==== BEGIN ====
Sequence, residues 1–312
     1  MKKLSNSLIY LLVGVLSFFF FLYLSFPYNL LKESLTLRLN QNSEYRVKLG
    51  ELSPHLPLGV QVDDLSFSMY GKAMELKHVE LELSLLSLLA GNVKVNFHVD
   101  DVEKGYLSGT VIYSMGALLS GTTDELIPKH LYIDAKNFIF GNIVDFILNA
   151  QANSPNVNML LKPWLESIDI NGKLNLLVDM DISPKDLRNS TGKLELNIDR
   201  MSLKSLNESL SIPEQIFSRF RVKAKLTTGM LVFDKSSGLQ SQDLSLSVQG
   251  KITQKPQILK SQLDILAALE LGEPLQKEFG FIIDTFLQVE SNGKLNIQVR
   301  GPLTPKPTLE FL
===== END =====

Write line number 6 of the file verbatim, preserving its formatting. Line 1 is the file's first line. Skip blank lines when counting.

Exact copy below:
   201  MSLKSLNESL SIPEQIFSRF RVKAKLTTGM LVFDKSSGLQ SQDLSLSVQG